Ronaldo entered the 1998 FIFA World Cup billed as the world’s greatest player by reporters in the sport. Jacob Steinberg of The Guardian writes, “In 1998, no one was as ferociously talented as Ronaldo, whose supernatural mixture of power, pace and skill had made him the player every child in the playground wanted to be; at the age of 21, the hopes and dreams of a nation rested on his shoulders.” He scored four goals and made three assists en route to the final. Hours before the final he suffered a convulsive fit. At first, Ronaldo was removed from the starting lineup 72 minutes before the match, and the team sheet (with Edmundo as his replacement) was submitted to the FIFA delegate. The starting line up without Ronaldo was released to a stunned world media. The BBC’s John Motson stated, “The scenes in the commentary box have been absolute mayhem and chaos.” However shortly before kick off, after pleading that he felt fine and requested to play, Ronaldo was reinstated by Brazil coach Mário Zagallo. Ronaldo was the last Brazilian player out of the tunnel as the teams entered the field. During the playing of the Brazil national anthem the camera focused on him throughout, with Ronaldo showing little emotion. Steinberg states that Ronaldo “sleepwalked” through the final, which also saw him injured in a collision with French goalkeeper Fabien Barthez. Zagallo admitted the fears over Ronaldo affected his team psychologically, and stated “for the whole of the first half I was wondering whether to take him off”, but feared a public outcry in Brazil had he done so. Brazil lost the match to hosts France 3–0. Ronaldo later reflected: “We lost the World Cup but I won another cup – my life.” An inquest was launched in Brazil, with team doctor Lídio Toledo telling the commission “imagine if I stopped Ronaldo playing and Brazil lost. At that moment I’d have to go and live on the North Pole.” Adrian Williams, professor of clinical neurology at Birmingham University, said that Ronaldo should not have played, that he would have been feeling the after effects of the seizure, and “there is no way that he would have been able to perform to the best of his ability within 24 hours of his first fit – if it was his first fit.” Despite his sub-par performance in the final due to his seizure hours earlier, Ronaldo was awarded the Golden Ball as the best player of the tournament for his performances leading up to the final, and finished the tournament as the joint-third highest scorer. The nature of the incident set off a trail of questions and allegations which persisted for years, with Alex Bellos writing in The Guardian, “When Ronaldo’s health scare was revealed after the match, the situation’s unique circumstances lent itself to fabulous conspiracy theories. Here was the world’s most famous sportsman, about to take part in the most important match of his career, when he suddenly, inexplicably, fell ill. Was it stress, epilepsy, or had he been drugged?“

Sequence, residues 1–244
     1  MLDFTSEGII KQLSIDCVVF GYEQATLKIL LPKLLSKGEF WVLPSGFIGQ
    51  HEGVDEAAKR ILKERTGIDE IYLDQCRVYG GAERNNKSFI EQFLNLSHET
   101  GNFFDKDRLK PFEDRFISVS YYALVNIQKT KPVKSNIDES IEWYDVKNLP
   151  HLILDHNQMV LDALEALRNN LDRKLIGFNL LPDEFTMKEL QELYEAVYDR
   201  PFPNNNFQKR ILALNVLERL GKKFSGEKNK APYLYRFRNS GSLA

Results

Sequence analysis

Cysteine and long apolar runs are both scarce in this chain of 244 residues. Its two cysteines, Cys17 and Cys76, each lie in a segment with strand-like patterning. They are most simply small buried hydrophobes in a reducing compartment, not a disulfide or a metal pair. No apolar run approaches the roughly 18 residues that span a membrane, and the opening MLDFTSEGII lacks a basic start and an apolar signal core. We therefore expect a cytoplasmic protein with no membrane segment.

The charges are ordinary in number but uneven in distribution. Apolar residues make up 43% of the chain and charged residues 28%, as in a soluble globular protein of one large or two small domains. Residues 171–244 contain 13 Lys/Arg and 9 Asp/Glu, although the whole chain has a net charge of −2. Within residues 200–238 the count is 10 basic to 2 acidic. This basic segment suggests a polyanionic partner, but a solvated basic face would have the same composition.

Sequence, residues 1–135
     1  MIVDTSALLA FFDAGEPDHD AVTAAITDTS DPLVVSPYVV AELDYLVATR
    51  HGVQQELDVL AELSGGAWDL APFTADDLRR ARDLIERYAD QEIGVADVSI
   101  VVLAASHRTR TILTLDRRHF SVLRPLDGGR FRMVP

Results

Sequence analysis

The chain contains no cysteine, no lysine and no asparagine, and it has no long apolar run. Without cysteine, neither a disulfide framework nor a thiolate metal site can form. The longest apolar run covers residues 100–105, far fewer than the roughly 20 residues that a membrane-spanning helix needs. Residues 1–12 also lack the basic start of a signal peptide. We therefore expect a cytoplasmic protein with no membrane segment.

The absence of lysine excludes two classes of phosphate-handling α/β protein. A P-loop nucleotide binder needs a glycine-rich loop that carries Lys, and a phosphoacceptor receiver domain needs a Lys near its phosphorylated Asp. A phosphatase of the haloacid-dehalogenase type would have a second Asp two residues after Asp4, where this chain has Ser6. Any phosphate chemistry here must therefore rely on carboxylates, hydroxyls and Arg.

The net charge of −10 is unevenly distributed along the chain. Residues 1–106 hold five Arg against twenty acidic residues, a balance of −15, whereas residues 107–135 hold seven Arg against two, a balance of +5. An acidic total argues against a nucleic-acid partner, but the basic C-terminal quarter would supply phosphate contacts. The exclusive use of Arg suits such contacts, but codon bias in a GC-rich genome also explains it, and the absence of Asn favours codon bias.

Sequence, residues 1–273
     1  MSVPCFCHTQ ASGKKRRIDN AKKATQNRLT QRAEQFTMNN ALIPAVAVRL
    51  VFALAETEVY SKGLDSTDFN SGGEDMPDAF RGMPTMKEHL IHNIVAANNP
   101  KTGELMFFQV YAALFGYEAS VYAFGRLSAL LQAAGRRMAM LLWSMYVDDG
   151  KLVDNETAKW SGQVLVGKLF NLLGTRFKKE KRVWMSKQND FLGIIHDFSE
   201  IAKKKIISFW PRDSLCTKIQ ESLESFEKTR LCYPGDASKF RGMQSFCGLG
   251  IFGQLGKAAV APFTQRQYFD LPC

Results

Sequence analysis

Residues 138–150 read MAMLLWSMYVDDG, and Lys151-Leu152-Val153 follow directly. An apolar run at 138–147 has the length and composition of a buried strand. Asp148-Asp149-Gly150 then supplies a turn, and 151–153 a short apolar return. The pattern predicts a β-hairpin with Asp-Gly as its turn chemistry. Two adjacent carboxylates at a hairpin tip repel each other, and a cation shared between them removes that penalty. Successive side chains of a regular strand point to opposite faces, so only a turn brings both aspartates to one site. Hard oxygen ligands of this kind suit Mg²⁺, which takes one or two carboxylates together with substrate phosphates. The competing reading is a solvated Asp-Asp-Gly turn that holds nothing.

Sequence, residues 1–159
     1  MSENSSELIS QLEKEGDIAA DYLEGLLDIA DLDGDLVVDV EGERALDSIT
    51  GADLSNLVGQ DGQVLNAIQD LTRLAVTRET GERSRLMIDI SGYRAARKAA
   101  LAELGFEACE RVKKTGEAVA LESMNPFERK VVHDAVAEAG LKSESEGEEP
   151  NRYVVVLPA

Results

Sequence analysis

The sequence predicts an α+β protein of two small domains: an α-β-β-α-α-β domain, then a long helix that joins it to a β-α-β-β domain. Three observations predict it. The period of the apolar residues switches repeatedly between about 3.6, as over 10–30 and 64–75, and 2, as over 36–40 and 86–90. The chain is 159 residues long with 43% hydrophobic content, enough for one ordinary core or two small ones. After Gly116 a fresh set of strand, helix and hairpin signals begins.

Things to Know:
These boots were used by Ronaldo during the Fifa World Cup “France 98”. They were used in several games and they were given to his team mate the goalkeeper Carlos Germano who we got it from. The boots were given after the World Cup and they were very used and damaged with a sole missing. This Nike Mercurial, especially made for World Cup 1998 for Ronaldo, and used by him only, is definitely the most popular known Nike model ever. To celebrate the 20th anniversary of Nike Mercurial in 2018 a Ronaldo Mercurial 1998 re-edition was released. See below Ronaldo with the 2018 Mercurial.